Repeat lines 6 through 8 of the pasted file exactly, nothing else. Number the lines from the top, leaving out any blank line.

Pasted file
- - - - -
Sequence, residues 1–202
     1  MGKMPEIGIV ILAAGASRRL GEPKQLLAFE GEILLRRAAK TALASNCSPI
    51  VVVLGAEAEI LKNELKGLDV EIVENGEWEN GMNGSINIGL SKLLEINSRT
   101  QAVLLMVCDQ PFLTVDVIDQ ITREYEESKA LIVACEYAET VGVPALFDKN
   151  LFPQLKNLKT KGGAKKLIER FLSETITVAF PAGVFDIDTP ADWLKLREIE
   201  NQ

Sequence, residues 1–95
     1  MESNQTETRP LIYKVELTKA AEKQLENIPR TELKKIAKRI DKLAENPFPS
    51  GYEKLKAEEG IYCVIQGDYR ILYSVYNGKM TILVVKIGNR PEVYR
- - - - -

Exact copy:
   201  NQ

Sequence, residues 1–95
     1  MESNQTETRP LIYKVELTKA AEKQLENIPR TELKKIAKRI DKLAENPFPS